As always in good science, the Bender Ignacio article raises some questions. First, as a general comment, the authors used more sophisticated statistical analyses than those used in the kidney graft study.4 The statistical methodologies used in their study were developed for analyses of the microbiome, and so-called “ecologic metrics” were developed to describe not only the total epitope score but also the diversity within each individual (eg, Simpson’s D score that measures the α diversity), the donor-recipient antiviral response (β diversity), and the longitudinal estimate of distance between each donor-recipient pair using linear mixed-effects models, and to test the association between patient and transplant characteristics using generalized linear models. These refined biomathematical tools allowed the authors to perform a more nuanced analysis than that performed in the kidney transplant recipients (but much harder to read). As a cautionary note, these results are preliminary evidence because the number of patients studied is limited and the study involved only myeloablative conditioning. Moreover, the study is biased toward 1-year survivors and thus does not provide evidence about the IgG repertoire in patients who eventually succumbed as a result of viral-related diseases before 1 year.

What are the implications of those fascinating, although preliminary, results? The first implication is practical: VirScan may ultimately be a tool for screening and monitoring posttransplant virus infection. As stated above, it is too early to consider VirScan a routine method. In addition, as acknowledged by the authors, receiver operating characteristics of this synthetic virome to determine patient and donor serostatus is limited to viruses for which public epitopes and validated serologic methods are available (see supplemental Table 1 in the Bender Ignacio et al article for details). Furthermore, it should be remembered that VirScan analyzes only the IgG repertoire and does not investigate the Ig switch (Ig-M to Ig-G) that characterizes most recent viral infections.

The second perspective, in our opinion, is far more exciting. VirScan permits a greater in-depth analysis of humoral immune reconstitution after transplantation. B-cell reconstitution studies after HSCT have come of age in the past 10 years (reviewed in Sarantopoulos and Ritz6 and Socié7). Bender Ignacio et al address this point using only α and β metrics to correlate the IgG repertoire with 1-year total B-cell reconstitution (see supplemental Figure 4 in the article by Bender Ignacio et al for details). However, B-cell reconstitution is far more complex than could be ascertained from total B-cell counts (see figure panel C) (reviewed in Sarantopoulos and Ritz6 and Socié7). The early B-cell reconstitution is dominated by transitional B cells that are pregerminal center, nonswitched B cells. The naïve B-cell population (that does not secrete Ig) emerges only from 9 months to 1 year after transplantation, and it takes months (up to 2 years) to fully reconstitute memory B cells (and as an assumption, plasma cells, for which few if any immune reconstitution data are available).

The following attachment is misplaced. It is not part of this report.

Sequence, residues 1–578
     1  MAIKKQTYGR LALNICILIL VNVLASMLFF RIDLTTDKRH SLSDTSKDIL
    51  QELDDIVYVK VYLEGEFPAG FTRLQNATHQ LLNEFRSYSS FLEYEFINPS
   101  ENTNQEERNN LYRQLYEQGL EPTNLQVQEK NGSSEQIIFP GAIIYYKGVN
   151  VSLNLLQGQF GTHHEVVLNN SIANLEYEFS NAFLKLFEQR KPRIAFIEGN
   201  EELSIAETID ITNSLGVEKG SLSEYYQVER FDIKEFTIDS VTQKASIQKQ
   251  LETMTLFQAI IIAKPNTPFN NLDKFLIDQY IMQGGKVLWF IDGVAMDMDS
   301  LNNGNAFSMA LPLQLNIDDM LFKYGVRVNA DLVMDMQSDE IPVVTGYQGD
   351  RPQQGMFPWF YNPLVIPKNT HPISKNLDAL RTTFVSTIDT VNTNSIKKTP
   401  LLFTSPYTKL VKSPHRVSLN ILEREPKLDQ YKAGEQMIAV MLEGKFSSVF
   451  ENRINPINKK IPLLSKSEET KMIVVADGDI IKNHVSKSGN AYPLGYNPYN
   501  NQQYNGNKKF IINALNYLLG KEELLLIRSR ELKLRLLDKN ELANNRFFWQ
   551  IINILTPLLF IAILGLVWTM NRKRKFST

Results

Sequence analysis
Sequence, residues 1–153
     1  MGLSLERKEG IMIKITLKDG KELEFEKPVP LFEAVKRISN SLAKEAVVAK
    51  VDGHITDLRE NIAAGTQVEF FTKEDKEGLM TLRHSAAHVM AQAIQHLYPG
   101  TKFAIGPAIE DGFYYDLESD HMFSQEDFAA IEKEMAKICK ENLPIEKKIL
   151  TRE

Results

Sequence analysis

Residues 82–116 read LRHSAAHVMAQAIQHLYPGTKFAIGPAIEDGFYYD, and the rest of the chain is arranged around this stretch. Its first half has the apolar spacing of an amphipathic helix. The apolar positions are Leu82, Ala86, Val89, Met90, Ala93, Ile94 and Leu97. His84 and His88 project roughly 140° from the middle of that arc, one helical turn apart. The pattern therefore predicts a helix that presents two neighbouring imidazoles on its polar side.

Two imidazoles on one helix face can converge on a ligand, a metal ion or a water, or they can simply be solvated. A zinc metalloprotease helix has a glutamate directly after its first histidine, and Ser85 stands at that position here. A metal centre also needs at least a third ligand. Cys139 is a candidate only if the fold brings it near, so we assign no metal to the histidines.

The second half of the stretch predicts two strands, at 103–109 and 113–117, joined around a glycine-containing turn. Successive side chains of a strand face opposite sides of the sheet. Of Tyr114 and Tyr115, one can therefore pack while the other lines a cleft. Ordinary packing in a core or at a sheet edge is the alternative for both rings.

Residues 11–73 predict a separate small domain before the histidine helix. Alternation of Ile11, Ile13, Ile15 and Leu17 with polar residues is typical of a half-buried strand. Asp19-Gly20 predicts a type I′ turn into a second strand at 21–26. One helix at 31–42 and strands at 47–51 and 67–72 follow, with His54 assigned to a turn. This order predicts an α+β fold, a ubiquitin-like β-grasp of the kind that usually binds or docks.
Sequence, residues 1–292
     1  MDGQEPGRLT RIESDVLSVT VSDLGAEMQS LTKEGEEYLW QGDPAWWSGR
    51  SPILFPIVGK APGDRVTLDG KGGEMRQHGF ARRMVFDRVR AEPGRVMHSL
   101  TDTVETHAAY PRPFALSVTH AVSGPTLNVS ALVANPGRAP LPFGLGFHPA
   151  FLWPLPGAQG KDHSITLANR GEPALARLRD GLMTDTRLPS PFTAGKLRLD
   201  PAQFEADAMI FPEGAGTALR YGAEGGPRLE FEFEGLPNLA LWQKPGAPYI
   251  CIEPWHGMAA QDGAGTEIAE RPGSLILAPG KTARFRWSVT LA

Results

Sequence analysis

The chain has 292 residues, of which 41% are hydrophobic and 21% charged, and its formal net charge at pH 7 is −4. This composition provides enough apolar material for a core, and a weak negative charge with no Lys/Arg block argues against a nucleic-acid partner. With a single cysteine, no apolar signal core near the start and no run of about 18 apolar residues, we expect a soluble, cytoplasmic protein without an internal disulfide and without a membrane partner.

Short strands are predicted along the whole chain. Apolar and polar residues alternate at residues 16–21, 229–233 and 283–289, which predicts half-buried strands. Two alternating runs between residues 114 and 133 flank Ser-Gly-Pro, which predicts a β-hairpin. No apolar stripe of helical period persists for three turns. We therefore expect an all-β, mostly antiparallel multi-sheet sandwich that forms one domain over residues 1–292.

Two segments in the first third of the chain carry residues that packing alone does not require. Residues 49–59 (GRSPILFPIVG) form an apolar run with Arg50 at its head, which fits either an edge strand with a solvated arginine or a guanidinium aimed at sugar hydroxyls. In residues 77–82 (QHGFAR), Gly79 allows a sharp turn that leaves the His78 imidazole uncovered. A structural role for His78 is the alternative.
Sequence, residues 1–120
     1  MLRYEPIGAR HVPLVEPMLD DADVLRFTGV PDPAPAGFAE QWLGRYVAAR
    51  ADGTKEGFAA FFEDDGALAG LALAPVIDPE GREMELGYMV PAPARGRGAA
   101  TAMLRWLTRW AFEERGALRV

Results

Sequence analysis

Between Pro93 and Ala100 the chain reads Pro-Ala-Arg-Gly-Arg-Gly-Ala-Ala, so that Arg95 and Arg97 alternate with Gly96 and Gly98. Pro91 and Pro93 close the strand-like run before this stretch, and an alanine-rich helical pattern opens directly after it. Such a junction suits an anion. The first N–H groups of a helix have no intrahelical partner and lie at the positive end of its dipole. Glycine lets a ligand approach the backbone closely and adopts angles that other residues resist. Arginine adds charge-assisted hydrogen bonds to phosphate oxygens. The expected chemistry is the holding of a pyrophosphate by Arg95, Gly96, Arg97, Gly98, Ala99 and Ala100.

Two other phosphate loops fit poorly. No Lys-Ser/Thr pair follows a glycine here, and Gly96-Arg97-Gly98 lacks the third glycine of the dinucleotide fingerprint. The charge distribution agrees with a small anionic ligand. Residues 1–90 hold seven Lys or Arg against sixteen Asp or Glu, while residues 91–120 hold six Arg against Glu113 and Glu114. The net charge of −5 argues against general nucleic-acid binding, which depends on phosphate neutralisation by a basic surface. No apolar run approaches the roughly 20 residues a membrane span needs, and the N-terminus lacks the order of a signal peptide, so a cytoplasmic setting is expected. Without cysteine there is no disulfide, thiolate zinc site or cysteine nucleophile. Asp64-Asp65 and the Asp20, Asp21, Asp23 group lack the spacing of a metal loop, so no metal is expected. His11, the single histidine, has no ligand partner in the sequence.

Finally, the authors assumed that the average half-life of IgG from the recipient was 26 days and thus surmise that any significant level of virus-specific IgG should come from the donor. This assumption can be challenged because the allotype of the IgG has not been studied (although it is weakly polymorphic) after HSCT. Previous work by the FHCRC on hemagglutinin showed that recipient IgG can persist much longer than 1 month,8 and in 2007, a study demonstrated that humoral immunity to common viral and vaccine antigens can persist for decades (antibody half-life against rubella [114 years], Epstein-Barr virus [11.5 years], and varicella zoster virus [50 years]).9

In the near future, correlating in-depth cell phenotyping through mass cytometry and the B-cell receptor molecular rearrangements with results of the VirScan will be of major scientific interest.

Footnotes

  • Conflict-of-interest disclosure: The authors declare no competing financial interests.